The issue of timing is an important one, certainly the fact that Prucilla wants the work done before a major exhibition could be considered as a conditional that is central to the contract. By looking at the case of Bunge Corporation v Tradax Export SA 1980, we can see how delay destroyed an entire contract. This case could be used in favor of Prucilla, as the strictness of time condition is central to the contract between her and Shady. However Shady could form a defense using the case of Torvald Klaveness A/S v Ami Maritime Corporation 1994 where he could challenge the time condition and claim that it was a warranty. Here it is also important to consider innominate terms – which have given flexibility and this has ‘infringed’ certainty. If the courts are unable to distinguish whether the issue of timing is a condition or a warranty because it could be either, this will become an innominate term of the contact.
It is clear from the facts of the case that Prucilla and Shady have embarked on a contract, be it on the phone as discussed above, or otherwise. Prucilla presumably will have asked Shady for a quote (being an invitation to treat) and it would be sensible to presume that he has then made an offer to do the work within the time frame at a set price. Prucilla makes her acceptance clear in two ways, both by signing the agreement with Shady, which is also her acceptance of the terms and conditions, and also by conduct, i.e. allowing the work to commence. Prucilla and Shady both display intention to form legal relations, it would have been clear to both parties that they were creating a legally binding agreement – something that is reflected in Shady’s terms of contract. Within the contract that was made there is an example of executed consideration, Prucilla has completed all of her obligations under the contract, however Shady has not performed his obligations inside the pre-defined time frame.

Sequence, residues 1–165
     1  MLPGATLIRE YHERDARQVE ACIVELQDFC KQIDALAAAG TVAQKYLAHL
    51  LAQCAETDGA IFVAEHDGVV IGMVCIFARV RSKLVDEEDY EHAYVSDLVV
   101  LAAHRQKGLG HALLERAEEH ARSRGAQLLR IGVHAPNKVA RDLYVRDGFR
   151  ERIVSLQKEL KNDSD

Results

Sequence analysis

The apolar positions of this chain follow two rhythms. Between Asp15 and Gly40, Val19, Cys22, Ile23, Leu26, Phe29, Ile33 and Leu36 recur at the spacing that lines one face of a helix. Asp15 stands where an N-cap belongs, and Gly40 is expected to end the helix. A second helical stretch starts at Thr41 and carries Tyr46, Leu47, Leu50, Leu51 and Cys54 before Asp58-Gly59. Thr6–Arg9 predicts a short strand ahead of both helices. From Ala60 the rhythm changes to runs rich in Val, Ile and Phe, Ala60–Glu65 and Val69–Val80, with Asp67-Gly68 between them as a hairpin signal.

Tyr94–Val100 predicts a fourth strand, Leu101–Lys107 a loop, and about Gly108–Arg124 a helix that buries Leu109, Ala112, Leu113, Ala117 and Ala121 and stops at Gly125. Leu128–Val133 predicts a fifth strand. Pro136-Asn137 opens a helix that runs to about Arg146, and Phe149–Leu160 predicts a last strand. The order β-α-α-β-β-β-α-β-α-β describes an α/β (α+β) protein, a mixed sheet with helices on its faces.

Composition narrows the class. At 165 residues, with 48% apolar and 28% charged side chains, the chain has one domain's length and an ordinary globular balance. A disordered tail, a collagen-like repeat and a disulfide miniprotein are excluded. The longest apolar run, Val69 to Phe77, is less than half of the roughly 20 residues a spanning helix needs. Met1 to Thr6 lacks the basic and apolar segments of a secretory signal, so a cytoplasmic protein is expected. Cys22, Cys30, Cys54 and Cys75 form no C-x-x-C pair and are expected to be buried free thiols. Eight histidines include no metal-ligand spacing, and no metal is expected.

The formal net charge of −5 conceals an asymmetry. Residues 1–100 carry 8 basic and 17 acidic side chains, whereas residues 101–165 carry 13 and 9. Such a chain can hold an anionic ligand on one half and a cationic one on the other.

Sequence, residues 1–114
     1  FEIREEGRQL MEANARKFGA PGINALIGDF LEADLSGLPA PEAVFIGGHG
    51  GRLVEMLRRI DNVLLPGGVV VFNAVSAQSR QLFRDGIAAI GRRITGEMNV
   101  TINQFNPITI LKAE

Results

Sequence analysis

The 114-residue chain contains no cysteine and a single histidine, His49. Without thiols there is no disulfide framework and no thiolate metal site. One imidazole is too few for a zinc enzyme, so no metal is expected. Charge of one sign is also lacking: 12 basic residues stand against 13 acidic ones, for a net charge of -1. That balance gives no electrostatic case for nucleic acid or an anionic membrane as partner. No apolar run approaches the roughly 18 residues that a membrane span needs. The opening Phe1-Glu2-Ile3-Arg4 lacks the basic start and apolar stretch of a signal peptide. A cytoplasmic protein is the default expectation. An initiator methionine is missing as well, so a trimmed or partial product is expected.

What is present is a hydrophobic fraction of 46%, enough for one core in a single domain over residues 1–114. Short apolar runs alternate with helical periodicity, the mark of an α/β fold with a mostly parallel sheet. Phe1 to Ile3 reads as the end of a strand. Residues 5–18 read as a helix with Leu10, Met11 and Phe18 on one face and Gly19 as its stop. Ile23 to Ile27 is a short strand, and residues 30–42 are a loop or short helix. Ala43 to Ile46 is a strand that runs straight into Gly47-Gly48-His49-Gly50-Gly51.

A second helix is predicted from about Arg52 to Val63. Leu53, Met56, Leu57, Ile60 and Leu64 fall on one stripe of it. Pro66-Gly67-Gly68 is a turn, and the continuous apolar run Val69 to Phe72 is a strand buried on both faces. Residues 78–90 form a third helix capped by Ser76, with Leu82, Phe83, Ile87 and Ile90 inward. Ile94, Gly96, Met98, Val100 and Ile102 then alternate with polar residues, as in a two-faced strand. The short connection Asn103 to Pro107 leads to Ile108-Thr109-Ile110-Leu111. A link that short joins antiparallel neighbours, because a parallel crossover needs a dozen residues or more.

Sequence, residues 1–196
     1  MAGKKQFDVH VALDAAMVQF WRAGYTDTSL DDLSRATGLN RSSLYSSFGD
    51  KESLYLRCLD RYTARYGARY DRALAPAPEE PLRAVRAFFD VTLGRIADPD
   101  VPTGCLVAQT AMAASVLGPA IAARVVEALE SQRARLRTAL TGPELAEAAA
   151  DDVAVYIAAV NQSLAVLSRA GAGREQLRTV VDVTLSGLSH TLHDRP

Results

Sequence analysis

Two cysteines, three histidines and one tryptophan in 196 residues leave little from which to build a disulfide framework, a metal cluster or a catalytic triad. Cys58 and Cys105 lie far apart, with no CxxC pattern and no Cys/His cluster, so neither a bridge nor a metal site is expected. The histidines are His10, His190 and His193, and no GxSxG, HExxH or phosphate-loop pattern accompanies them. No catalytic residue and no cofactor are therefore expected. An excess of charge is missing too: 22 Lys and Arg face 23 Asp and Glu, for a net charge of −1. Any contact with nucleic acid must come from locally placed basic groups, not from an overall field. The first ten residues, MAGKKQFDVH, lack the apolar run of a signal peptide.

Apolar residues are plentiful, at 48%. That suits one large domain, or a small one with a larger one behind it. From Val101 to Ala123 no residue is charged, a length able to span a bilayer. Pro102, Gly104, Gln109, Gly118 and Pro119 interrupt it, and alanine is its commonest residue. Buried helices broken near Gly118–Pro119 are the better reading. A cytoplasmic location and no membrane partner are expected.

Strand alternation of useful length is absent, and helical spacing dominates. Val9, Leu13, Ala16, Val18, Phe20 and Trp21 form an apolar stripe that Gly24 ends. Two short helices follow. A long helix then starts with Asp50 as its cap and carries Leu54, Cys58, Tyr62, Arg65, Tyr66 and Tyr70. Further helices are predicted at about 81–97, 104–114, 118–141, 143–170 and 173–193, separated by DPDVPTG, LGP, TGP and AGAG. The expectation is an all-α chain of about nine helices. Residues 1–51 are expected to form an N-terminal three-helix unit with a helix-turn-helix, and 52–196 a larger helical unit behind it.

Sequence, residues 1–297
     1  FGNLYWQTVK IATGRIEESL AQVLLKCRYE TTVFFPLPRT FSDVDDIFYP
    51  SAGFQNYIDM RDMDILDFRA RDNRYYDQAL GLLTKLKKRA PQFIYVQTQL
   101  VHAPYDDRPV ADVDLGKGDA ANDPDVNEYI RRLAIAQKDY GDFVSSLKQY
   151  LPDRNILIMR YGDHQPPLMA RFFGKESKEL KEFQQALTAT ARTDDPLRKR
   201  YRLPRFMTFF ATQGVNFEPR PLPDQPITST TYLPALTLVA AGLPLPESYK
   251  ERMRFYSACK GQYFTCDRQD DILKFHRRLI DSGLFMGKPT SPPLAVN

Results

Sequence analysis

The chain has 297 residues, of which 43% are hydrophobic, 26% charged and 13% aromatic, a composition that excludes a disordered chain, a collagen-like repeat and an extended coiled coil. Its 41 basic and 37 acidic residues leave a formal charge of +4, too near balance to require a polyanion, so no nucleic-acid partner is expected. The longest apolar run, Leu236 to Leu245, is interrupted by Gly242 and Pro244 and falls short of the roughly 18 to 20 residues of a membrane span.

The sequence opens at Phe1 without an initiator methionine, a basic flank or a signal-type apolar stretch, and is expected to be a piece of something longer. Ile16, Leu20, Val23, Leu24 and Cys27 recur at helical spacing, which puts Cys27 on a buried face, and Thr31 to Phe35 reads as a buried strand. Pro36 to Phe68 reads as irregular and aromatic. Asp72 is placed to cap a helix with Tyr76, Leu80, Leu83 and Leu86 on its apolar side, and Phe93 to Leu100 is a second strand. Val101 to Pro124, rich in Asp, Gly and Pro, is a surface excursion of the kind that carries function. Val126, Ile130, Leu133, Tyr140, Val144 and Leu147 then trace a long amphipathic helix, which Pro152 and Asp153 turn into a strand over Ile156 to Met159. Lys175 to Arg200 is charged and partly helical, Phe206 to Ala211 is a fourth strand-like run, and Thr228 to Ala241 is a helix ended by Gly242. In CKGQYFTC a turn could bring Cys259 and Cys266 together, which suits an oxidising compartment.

Assuming that the clauses included by Shady are incorporated into the contract, we need to consider whether the clauses cover the various breaches that have occurred. Normally the courts take the common approach of the ‘contract profentum rule’ meaning that any ambiguity will be interpreted against the person trying to rely on the clause. In White v John Warwick it was held that the phrase “nothing shall render the owners liable” referred only to strict liability under the contract, not to liability of negligence. In recent cases however, the Court of Appeal has emphasised the undesirability of seeking strained construction of clauses in order to strike them down; for example in George Mitchel v Finney Lock Seeds . Intervention in the area by the use of UCTA to protect the claimant, and in particular the consumer claimant, means that the courts should simply give the words of the clause their natural meaning, using a more literal approach.
What is a consumer?